The NCAA has begun looking into rule changes that would grant players more freedom. This is good, but it’s not without some major challenges they’ll have to solve first.
The NCAA is putting together a working group to explore how its rules can be modified to let players profit off their own name and likeness. This is a good move by the NCAA, even if it is largely a result of political pressure.
As explained on Athlon Sport’s Cover 2 Podcast, college football has ballooned from a multi-million dollar industry to a multi-billion dollar one since the NCAA v. Board of Regents of the University of Oklahoma supreme court case broke the NCAA’s restrictive stranglehold on universities’ TV rights. As a result, today’s superstar college athletes like Deshaun Watson and Tua Tagovailoa generate significantly more money for their schools than stars in the 70s ever could.
The athletes have benefited somewhat from this growth. They’re certainly treated well – few would argue that point after seeing Clemson’s “Dabo World” Football Complex or reading about the detailed nutritional work done for each football player. Player stipends and increased freedom in transferring between schools have been added perks for players. Additionally, the cost of college tuition has ballooned while their scholarships continue to provide that at no cost. Nevertheless, these benefits are relatively minor in comparison to the mountains of money schools are now reeling in with bigger and bigger TV contracts ($40.9 million annually for each football program in the SEC).
Furthermore, the amateur rules so ardently enforced by the NCAA seem farcical and archaic in light of the new economics of the sport. Just look at the case of the UCF kicker who was making money off ads on his own YouTube channel that the NCAA demanded he shut down. On it’s face, this seems blatantly unfair. It is victimless and shows great entrepreneurship. The NCAA may be objecting for a myriad of convoluted and self-interested reasons, but there are some legitimate issues with allowing players to profit from their own likeness.
Imagine a student deciding between Vanderbilt and Tennessee. It’s hard enough for Vanderbilt, with their limited fan base and facilities to win over the key undecided recruit. Now imagine if players could sell autographs, YouTube ads, and sponsorships. Obviously, a successful player at UT would have far more opportunities to do those things and do it for higher dollar than a similarly successful player at Vanderbilt. The NCAA’s ban on them therefore helps promote parity (the final shreds remaining) between large (Tennessee, Texas, NCSU) and small (Vanderbilt, Baylor, Wake Forest) schools.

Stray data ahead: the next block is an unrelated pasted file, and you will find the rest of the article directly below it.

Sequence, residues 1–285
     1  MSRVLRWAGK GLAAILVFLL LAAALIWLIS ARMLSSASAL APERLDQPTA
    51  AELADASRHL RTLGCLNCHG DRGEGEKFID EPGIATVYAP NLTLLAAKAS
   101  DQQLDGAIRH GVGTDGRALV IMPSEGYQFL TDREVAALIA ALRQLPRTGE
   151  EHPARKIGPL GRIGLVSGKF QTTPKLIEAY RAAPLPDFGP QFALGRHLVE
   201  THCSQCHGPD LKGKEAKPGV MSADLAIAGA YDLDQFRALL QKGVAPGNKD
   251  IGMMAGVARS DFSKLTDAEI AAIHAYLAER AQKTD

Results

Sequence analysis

Another issue that could arise with players profiting off their name and likeness is the even easier avenue it creates for boosters to bribe recruits to go to their favorite team. Imagine if all five-star freshmen that signed with a major state school like UGA over the past decade were offered $100,000 sponsorship opportunities with a local business owned by a booster upon their enrollment. Maybe the business doesn’t see a good ROI on that, but who is to say the business can’t make their own “marketing” decisions? Now, those five-star recruits are left to decide between the school they really want to attend and the one where they can almost assuredly make $100,000 in sponsorship dollars right from the start. Are those the perverse incentives we want entering our beloved sport?
For those reasons, the NCAA’s decision isn’t as simple as it might seem. That said, most people can see the silliness of players not being able to profit off their own entrepreneurial YouTube channel or sell their own Air Jordan shoes.
College football went from a budding sport in the 70s to a multi-billion-dollar industry, and the NCAA has been slow to adjust. Now, they’re finally working to ensure players get the same proportion of what is now a much bigger pie – allowing graduate transfers, adding player stipends, removing schools’ ability to restrict transfer destinations, and now this. If the NCAA can find a way to manage the very real challenges involved with allowing players to use their own likeness, it seems to strike the right balance and be in the best interest of the players and the long-term health of amateur sports – even if it comes at the unfortunate expense of small schools keeping pace.